Philip Lind, Rogers vice chairman, said the company will review steps taken by Maclean Hunter to find a buyer for its U.S. cable TV operations.
--- PERSONNEL: Cryer Announces Plans To Retire At Sun-Sentinel
FORT LAUDERDALE, Fla. (AP) - Gene Cryer, editor of the Sun-Sentinel of Fort Lauderdale since 1982, will retire effective June 30.
Cryer, 58, will continue to be involved in key projects for the Sun- Sentinel and other Tribune Company newspapers over the next several years, according to Scott Smith, president and publisher of the Sun-Sentinel.
A successor will be named shortly, Smith said.
Cryer became editor of the Sun-Sentinel when the editorial staffs of the Fort Lauderdale News and Sun-Sentinel were merged.
Before the merger, he was editor of the Fort Lauderdale News. He joined the News in June 1979, coming from Rockford, Ill., where he served as executive editor of the Rockford Register-Star.
During Cryer’s tenure as editor, the newspaper expanded local news coverage and customized and zoned new editions in Palm Beach County, west and south Broward County.
He opened bureaus in Washington, D.C., Atlanta and Miami. In 1986, he won the Tribune Company’s top management award for managerial excellence.
The newspaper won numerous state and national awards and was a finalist for the Pulitzer Prize four times during the last 10 years. Cryer launched a ″Reader Awareness″ initiative four years ago and designated a full-time editor to build a permanent link between newsroom staff and readers.
--- Boston Herald Editor Dismissed
BOSTON (AP) - Boston Herald owner Patrick J. Purcell has fired the paper’s editor, Alan S. Eisner.
″It was a very difficult decision,″ Purcell said March 10.
Andrew F. Costello Jr., managing editor, was been appointed interim editor. But Purcell said he would be looking outside the paper for a new editor.
Purcell bought the paper in February from its previous owner, Rupert Murdoch, and has instituted cost-cutting measures to trim the staff. Several layoffs took effect last week.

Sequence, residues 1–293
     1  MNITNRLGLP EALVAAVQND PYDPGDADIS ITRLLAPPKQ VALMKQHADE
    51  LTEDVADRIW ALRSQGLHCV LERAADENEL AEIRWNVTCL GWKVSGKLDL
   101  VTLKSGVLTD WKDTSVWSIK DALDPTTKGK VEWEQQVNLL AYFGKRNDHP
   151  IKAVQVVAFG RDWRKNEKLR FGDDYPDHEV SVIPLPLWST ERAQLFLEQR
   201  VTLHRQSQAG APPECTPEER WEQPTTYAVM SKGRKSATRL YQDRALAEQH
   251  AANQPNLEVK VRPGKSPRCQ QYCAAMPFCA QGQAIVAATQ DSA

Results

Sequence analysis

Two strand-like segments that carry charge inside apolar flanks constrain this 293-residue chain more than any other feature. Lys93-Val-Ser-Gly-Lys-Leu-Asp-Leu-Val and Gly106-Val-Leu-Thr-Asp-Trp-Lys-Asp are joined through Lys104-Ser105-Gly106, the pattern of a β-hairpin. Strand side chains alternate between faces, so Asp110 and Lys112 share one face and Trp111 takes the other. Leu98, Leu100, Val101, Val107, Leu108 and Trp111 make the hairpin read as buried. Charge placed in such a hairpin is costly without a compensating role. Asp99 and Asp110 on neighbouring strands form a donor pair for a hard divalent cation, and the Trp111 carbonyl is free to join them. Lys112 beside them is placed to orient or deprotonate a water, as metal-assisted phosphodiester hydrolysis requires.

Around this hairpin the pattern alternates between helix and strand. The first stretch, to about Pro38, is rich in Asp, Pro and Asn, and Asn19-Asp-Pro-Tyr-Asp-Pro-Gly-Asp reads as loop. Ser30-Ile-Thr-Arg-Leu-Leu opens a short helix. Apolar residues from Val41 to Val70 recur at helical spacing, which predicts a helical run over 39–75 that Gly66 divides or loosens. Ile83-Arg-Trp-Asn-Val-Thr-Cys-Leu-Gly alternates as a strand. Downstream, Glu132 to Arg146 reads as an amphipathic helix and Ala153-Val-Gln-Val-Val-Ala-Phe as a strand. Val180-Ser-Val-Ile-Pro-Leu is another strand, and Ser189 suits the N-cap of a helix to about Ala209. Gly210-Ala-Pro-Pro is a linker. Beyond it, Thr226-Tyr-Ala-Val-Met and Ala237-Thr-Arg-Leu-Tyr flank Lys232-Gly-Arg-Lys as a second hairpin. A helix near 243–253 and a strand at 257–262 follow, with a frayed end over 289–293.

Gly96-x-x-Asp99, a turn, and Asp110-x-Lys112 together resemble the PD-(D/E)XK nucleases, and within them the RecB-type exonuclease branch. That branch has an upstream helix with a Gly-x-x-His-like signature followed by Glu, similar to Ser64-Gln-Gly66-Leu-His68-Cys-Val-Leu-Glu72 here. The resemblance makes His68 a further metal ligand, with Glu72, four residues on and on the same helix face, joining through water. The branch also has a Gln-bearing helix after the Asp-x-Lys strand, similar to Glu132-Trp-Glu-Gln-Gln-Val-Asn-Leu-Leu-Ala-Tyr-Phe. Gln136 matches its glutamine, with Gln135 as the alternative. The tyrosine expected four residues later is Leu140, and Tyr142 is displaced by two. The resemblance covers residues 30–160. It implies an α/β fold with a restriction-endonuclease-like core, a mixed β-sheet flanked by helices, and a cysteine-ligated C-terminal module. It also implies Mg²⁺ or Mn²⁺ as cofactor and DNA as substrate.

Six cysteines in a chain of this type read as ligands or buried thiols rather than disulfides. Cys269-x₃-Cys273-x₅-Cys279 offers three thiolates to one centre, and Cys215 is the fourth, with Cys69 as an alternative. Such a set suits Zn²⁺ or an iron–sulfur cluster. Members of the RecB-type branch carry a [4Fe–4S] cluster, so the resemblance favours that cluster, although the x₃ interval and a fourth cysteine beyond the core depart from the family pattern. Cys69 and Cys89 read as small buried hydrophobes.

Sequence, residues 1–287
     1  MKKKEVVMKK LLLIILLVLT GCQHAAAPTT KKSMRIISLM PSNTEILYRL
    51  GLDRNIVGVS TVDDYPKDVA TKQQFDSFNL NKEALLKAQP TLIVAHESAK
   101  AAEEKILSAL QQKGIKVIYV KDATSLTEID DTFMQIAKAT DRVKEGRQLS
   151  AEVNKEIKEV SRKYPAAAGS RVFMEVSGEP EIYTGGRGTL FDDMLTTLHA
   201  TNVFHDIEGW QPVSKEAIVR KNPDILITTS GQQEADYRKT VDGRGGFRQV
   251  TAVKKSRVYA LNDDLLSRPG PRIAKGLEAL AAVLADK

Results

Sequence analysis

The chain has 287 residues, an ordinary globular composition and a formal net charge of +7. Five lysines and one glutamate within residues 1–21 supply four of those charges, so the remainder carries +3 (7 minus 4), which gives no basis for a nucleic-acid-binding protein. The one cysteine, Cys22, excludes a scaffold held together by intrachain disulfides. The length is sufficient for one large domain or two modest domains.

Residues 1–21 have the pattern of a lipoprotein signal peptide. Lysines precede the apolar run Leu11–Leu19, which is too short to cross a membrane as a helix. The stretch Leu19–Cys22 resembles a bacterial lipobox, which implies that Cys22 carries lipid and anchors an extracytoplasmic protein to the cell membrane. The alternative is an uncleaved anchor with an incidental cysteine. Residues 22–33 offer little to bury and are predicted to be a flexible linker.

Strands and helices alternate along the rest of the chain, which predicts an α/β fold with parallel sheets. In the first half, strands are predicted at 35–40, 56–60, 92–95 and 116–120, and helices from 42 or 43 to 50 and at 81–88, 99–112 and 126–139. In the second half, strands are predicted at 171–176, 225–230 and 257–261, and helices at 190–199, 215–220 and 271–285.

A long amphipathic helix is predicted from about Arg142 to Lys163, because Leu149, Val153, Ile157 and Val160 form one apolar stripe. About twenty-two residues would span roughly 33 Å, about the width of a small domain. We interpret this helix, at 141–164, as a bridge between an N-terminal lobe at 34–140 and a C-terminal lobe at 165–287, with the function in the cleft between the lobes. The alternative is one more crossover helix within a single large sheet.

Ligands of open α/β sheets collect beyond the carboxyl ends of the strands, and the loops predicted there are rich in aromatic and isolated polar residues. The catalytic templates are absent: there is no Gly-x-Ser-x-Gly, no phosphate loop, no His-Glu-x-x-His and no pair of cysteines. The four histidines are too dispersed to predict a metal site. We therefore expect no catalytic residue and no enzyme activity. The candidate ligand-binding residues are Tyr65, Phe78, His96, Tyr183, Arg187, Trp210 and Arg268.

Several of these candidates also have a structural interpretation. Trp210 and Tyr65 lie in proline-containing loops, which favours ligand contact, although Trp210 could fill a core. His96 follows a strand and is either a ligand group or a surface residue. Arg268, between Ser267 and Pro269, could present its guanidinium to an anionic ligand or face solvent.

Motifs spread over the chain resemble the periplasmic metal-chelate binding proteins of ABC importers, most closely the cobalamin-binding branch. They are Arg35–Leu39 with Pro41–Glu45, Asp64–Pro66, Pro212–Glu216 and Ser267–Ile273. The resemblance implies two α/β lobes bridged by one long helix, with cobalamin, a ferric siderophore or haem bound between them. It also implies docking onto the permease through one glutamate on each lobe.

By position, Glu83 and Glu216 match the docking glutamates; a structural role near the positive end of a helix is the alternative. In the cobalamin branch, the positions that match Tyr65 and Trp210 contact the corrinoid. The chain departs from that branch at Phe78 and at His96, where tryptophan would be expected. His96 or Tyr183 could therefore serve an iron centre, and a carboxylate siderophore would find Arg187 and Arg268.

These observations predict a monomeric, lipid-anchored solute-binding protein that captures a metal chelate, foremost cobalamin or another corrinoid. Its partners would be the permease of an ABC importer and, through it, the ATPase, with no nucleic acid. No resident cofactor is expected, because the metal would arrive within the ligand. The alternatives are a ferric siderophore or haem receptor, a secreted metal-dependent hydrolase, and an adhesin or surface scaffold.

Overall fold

The newspaper has a weekday circulation of about 345,000.
Eisner, 46, had been with the Herald for 21 years and was named editor in July. He replaced Martin Dunn, who left to become editor of the New York Daily News.
--- Star Tribune Names Newsroom Leader
MINNEAPOLIS (AP) - The Star Tribune named Pam Fine, assistant managing editor of The Atlanta Journal-Constitution, to be its top newsroom manager.
Fine, 36, will hold the title of newsroom leader and will be the ranking news executive under Tim McGuire, the Star Tribune editor. She will be in charge of the daily news operation.
She will begin her new duties April 29.
--- Lumbye Named Managing Editor Of The Herald
ROCK HILL, S.C. (AP) - Betsy Lumbye, metro editor of The Stockton (Calif.) Record, has been named managing editor of The Herald.
Lumbye, 39, will start her new job the second week in April. DEATHS: Robert Bruegger
HUTCHINSON, Kan. (AP) - Robert R. Bruegger, a retired Harris Group newspaper executive, died March 11. He was 70.
After serving as an infantry officer in World War II, Bruegger became a reporter at his hometown newspaper, the Burlington (Iowa) Hawkeye Gazette, where he later became managing editor.
In 1972 he became editor and publisher of The Hays Daily News. In 1976, he became editor of the Harris News Service.
He took on coordination of projects for Harris newspapers and radio stations in 1985, a job he held until his retirement in 1989. Arthur Alan Culver
RIVERSIDE, Calif. (AP) - Arthur Alan Culver, whose 47-year career at The Press-Enterprise newspaper included 15 years as president, died March 13. He was 87.
Culver started at the Press-Enterprise in 1937 as advertising manager and held various posts until he was named president in 1969. He retired as president in 1984, but remained on the company’s board of directors.
He is survived by a son and a daughter. Jiro Enjoji
TOKYO (AP) - Jiro Enjoji, former president of the Nihon Keizai Shimbun, a leading Japanese economic newspaper, died March 14. He was 86.
Enjoji served as head of the newspaper’s economic division, managing editor and chief editor before becoming president in 1968. He was chairman from 1976 until 1980.
As president, he was credited with making the journal Japan’s major financial newspaper and with computerizing its operations.
Enjoji is survived by his wife and two children. Carl Fiedler
SUN CITY CENTER, Ariz. (AP) - Carl Fiedler, former managing editor of The Sheboygan (Wis.) Press, died March 4. He was 72.
Fiedler joined the newspaper in 1945, became city editor in 1961 and managing editor in 1979. He retired in 1986. John Harrison
JOHANNESBURG, South Africa (AP) - John Harrison, the British Broadcasting Corp.’s chief television correspondent in southern Africa, died March 9 in a car crash. He was 48.
Harrison joined the BBC as a correspondent in Westminster, England, and was a special correspondent on the ’Nine O’Clock News″ before becoming chief political correspondent based in London. He transferred to South Africa in 1991.
Survivors include his wife and two sons. Jeffrey Alan Mills
WASHINGTON (AP) - Jeffrey Alan Mills, who pioneered consumer reporting for The Associated Press in Washington, died March 7 of complications from multiple sclerosis. He was 49.